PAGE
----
whoso list

Topics: Poetry, Sonnet, Iambic pentameter Pages: 3 (511 words) Published: April 22, 2015
Olivia Hester
Dr. Julia Griffin
British Literature I
March 12, 2015

Whoso list to hunt:
Stalking vs. Admiring

“Whoso list to hunt” is a Petrarch sonnet with fourteen lines written in iambic pentameter. It follows an abbaabba cddc ee rhyme scheme (Wyatt 649) instead of traditional Petrarch rhyme scheme of abbaabba cde cde (Petrarch 337). Wyatt’s poem is loosely based off of Petrarch’s original sonnet “Una candida cerva”. Both sonnets are about unattainable women and use the allusion of a doe to describe their encounter. In both poems the doe is adorned with jewels around its neck marking it as someone else’s. With that being said, the similarities between the two poems end there. Wyatt and Petrarch have different motives for following the doe. Wyatt sees the doe as a challenge and even challenges the reader by saying “Whoso list to hunt, I know where is an hind” (Wyatt 649) whereas Petrarch is enchanted saying “Her look so sweet and proud that to follow her I left every task” (Petrarch 650). The motives for following the doe change the entire tone of the poem. To hunt something is to eventually capture it and even destroy it while following something, though creepy, is not harmful. It is much like the difference between plucking a rose and admiring it on the bush. Not only does Wyatt hunt the doe but he also issues a challenge for anyone else that cares to hunt creating a dangerous atmosphere for her. In Petrarch’s sonnet the narrator follows the doe until he “fell into the water, and she disappeared” (Petrarch 650) while Wyatt’s narrator never surrenders the hunt but does state “for me, helas! I may no more” (Wyatt 649). The momentary surrender is what defines Wyatt’s poem by giving it an undertone of ineffectiveness and foreshadowing the fact that he will never possess the doe. Wyatt’s doe is also “wild to hold, though I seem tame” (649) solidifying the fact that he will never hold her, possess her, or own her. The narrator in “Whoso list to...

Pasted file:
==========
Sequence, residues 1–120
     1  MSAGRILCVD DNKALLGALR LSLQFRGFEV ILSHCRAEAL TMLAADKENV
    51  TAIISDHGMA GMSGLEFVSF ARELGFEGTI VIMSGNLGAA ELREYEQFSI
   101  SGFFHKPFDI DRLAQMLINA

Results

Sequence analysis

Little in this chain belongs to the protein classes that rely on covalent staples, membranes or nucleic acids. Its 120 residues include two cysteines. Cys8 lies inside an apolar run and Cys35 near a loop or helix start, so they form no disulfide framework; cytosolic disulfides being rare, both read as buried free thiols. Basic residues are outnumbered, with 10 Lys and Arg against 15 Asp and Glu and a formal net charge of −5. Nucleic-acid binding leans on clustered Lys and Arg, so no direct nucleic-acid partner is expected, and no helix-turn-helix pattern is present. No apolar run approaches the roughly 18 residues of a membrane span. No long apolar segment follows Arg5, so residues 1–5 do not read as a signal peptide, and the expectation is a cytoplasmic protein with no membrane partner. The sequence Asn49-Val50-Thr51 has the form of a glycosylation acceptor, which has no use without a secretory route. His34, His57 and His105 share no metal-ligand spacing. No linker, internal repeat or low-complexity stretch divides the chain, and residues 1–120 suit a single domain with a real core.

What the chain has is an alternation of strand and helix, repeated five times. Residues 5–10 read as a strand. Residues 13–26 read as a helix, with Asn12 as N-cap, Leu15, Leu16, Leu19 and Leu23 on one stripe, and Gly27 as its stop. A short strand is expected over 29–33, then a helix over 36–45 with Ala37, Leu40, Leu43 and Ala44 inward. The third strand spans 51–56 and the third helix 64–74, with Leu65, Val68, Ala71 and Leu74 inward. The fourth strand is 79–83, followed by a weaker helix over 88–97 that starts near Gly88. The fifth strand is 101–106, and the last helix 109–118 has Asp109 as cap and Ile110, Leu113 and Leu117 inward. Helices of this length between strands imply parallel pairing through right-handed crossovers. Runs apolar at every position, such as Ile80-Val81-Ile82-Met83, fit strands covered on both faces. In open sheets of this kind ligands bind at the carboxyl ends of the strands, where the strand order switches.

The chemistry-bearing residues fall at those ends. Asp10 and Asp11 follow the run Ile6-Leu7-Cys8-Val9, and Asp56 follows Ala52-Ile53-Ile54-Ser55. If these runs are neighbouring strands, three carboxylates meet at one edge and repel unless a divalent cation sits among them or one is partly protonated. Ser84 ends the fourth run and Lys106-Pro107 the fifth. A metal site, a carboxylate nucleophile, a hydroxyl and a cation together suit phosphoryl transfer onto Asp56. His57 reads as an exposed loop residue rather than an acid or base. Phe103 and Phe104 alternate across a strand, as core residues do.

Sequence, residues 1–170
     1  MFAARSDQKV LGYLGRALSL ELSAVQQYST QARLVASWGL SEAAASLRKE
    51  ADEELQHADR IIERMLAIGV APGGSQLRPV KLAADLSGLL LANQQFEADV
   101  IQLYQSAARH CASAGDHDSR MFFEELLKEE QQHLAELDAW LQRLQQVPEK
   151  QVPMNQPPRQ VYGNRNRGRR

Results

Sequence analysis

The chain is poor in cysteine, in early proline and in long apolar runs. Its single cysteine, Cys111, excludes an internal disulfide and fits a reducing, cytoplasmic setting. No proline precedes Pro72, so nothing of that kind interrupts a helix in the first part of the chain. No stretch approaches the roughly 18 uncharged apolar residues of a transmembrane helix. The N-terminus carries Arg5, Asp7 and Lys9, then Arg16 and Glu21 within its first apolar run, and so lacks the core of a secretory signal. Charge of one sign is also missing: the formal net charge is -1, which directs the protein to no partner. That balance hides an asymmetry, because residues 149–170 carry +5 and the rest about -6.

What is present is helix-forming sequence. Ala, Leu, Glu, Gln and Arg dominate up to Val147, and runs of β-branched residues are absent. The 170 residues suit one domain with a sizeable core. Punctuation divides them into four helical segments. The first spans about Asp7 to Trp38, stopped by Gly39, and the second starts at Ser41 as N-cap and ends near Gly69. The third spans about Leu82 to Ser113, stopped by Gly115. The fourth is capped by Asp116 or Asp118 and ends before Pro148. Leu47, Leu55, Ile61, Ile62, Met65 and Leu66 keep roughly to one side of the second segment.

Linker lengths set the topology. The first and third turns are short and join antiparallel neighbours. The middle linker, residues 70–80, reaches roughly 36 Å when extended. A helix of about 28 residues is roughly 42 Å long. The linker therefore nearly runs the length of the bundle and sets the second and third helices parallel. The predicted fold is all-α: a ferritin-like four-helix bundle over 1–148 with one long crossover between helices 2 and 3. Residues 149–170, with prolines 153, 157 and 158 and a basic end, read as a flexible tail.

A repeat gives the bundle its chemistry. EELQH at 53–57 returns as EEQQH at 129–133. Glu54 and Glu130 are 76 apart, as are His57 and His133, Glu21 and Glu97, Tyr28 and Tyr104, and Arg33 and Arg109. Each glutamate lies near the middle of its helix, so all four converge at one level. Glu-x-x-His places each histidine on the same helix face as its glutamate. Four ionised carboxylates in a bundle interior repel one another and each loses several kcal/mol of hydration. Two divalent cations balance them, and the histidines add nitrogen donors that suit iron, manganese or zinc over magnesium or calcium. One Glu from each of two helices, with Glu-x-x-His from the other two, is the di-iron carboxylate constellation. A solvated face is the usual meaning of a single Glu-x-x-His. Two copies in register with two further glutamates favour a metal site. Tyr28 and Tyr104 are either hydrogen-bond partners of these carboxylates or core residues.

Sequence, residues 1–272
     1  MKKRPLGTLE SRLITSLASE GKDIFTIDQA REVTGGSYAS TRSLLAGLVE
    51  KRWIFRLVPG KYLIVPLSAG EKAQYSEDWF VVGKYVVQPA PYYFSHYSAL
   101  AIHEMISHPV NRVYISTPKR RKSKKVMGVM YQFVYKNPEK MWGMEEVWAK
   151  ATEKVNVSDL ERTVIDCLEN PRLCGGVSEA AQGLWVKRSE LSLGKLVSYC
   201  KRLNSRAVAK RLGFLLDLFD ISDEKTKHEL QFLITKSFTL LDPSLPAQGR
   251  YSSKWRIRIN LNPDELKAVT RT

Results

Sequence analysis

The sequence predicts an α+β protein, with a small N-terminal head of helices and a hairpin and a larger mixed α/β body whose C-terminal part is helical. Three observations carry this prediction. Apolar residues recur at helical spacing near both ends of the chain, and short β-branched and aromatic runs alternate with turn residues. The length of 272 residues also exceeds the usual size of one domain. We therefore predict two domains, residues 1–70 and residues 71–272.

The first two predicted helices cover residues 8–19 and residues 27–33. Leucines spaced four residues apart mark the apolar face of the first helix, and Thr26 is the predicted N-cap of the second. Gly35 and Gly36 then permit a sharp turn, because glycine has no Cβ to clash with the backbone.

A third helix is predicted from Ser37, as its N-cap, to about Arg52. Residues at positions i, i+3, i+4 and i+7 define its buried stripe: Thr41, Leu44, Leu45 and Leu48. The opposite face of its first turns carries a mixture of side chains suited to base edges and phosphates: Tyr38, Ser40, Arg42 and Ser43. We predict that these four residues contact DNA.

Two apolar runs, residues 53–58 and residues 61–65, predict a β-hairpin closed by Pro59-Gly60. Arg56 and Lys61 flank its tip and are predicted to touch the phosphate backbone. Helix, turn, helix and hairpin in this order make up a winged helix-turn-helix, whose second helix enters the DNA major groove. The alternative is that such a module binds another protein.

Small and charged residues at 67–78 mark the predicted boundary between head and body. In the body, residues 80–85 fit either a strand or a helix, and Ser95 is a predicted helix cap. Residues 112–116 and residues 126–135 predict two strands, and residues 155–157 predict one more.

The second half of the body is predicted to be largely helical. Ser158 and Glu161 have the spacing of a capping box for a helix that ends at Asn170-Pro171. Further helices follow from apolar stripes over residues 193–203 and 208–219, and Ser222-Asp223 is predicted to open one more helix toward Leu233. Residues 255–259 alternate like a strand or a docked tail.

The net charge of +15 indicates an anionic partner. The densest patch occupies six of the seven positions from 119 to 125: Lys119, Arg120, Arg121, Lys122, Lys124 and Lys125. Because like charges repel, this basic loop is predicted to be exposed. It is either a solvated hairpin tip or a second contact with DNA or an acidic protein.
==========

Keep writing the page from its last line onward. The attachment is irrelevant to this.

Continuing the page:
Cited: Wyatt, Thomas. “Whoso list to hunt”. The Norton Anthology of English Literature. 9th ed. Eds. Stephen Greenblatt et al. Vol I. New York, NY: W.W. Norton & Company, Inc., 2006. 649. Print
Petrarch, Rima. “Una candida cerva”. Petrarch’s Lyric poems. Robert M. Durling. Cambridge, MA: Harvard University Press., 1976. Print
Petrarch, Rima, Trans. Egerton Manuscript. “Una candida cerva”. The Norton Anthology of English Literature. 9th ed. Eds. Stephen Greenblatt et al. Vol I. New York, NY: W.W. Norton & Company, Inc., 2006. 649. Print
David, Alfred, and James Simpson. The Norton Anthology of English Literature. 9th ed. Eds. Stephen Greenblatt et al. Vol I. New York, NY: W.W. Norton & Company, Inc., 2006. 649. Print
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